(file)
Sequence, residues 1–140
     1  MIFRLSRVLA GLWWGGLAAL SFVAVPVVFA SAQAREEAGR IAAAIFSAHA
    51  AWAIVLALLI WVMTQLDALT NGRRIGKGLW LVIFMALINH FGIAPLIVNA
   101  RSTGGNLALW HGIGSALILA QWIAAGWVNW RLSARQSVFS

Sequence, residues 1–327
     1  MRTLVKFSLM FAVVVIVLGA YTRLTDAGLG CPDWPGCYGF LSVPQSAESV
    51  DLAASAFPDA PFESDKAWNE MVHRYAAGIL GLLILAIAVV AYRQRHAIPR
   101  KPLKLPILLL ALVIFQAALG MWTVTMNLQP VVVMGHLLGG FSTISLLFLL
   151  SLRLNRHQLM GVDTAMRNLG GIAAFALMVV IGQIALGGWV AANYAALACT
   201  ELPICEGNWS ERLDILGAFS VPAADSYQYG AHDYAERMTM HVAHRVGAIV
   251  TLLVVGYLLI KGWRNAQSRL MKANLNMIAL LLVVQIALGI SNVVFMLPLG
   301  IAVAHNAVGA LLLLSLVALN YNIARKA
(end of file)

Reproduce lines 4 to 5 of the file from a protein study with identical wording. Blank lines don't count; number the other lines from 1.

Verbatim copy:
   101  RSTGGNLALW HGIGSALILA QWIAAGWVNW RLSARQSVFS

Sequence, residues 1–327